A popular mail scam by those who are trying to get your personal info involves sending a mail with a link claiming to show you sensational news or pictures of celebrities or other famous people, including pop stars and politicians.
Don’t be fooled. Don’t click on the attachments. A big red flag would be if the attached file has a .zip extension. This guaranteed to cause you grief! Don’t do it. Use only your delete button here.
You are not going to learn anything about celebrities by clicking on these links, nor will you see pics of them in awkward situations. You will, however, most likely become infected with malware.
Also noted was the hacking of celebrities’ Facebook and Twitter accounts. Hackers take over these accounts to post malicious or outrageous comments.
Thanks to the Scambusters.org site for these hints.
Thinking of a new computer? You can choose to upgrade the computer you have to make it perform a bit better or you can just buy a new machine. The big box stores will usually want to sell you a new computer. This may not be the best for you.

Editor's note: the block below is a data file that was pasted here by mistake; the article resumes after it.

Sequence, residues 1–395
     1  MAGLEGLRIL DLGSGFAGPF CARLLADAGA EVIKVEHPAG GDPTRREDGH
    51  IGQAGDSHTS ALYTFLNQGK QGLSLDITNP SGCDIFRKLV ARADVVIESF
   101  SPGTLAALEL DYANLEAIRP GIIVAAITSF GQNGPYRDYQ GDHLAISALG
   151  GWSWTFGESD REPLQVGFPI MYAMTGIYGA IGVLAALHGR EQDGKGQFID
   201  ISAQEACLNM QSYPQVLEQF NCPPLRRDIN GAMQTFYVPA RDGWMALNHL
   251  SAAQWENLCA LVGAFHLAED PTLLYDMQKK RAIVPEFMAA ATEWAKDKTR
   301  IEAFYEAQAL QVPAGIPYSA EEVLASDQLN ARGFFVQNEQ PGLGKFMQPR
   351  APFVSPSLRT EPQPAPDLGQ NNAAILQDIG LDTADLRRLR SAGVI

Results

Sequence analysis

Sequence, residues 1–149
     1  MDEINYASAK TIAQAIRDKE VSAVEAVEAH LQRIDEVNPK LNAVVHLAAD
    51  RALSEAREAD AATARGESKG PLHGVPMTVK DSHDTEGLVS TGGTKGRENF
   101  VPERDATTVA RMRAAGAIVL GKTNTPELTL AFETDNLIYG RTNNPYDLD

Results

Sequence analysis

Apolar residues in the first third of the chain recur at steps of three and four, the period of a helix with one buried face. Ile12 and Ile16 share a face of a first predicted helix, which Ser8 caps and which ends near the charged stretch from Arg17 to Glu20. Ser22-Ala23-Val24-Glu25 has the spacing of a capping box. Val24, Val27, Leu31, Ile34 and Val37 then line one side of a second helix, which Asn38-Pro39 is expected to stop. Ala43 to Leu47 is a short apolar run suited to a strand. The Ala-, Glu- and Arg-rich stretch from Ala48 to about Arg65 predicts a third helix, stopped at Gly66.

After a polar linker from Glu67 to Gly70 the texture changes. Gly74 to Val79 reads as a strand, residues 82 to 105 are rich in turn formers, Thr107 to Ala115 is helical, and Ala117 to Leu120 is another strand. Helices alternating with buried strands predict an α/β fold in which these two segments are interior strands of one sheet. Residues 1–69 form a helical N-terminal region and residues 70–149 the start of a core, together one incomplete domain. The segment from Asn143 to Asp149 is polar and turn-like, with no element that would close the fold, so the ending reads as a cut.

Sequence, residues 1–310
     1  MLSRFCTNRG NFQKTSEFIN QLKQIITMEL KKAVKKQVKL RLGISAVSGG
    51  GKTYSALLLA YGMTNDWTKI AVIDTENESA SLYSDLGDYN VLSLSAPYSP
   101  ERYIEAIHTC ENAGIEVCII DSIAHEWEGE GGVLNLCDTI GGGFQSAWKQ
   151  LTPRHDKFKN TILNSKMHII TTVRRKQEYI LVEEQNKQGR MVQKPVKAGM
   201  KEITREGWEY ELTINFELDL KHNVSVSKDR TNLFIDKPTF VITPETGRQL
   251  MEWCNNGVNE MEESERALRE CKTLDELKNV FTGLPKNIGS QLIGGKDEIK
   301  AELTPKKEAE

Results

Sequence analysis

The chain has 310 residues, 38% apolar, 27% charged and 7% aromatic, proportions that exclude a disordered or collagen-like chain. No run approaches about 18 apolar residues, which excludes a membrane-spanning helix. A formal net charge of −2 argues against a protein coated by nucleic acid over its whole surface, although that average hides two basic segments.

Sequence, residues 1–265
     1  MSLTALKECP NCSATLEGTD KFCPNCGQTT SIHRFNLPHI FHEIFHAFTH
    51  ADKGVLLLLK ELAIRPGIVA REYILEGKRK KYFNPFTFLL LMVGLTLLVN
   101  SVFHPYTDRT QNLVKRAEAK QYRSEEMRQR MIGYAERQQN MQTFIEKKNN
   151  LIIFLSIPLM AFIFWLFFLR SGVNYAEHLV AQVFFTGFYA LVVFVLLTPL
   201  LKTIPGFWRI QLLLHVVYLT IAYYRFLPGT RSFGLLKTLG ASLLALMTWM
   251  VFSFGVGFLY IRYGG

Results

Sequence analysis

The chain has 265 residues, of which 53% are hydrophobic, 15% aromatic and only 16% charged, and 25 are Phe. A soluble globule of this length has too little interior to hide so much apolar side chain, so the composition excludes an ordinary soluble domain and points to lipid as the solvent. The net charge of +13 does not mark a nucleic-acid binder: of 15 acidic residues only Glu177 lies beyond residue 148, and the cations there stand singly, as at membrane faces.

Ways to upgrade: Add memory. Replace your hard drive with a larger one. Clean up any unnecessary programs running in the background. Perhaps add a spiffier video card. Want the latest and greatest? Buy a new computer. Don’t just rely on a salesman in a big store. Some of these big-box stores have sales staff that know what they are talking about. Unfortunately, some don’t! Ask for advice from someone who knows what your needs are.
This brings us to what to do with your old equipment. Throw it away? Not a good idea. Recycling is available. Many times computer stores will offer to recycle your old machine. There are also places, such as Goodwill who accept donations of equipment that is still usable. Perhaps a local school or charity could put your old computer to good use. A cautionary note: If you recycle your old hard drive, your old data is still on it. It must be erased (not just “deleted”). An alternative is to destroy the disk with something like a large hammer or take it apart and smash the metal disks inside (a good project for kids who like to take stuff apart). Too many people don’t realize that they are leaving themselves open to identity theft by leaving data on their hard drive. If you don’t know how to erase the disk, get help from a trusted computer person.
You all have heard of viruses. Like viruses that infect living beings, computer viruses infect your computer. They are software, and are often attached to other software or documents you might receive. When you run the virus’s software or the file the virus has infected, the virus can infect your computer’s software.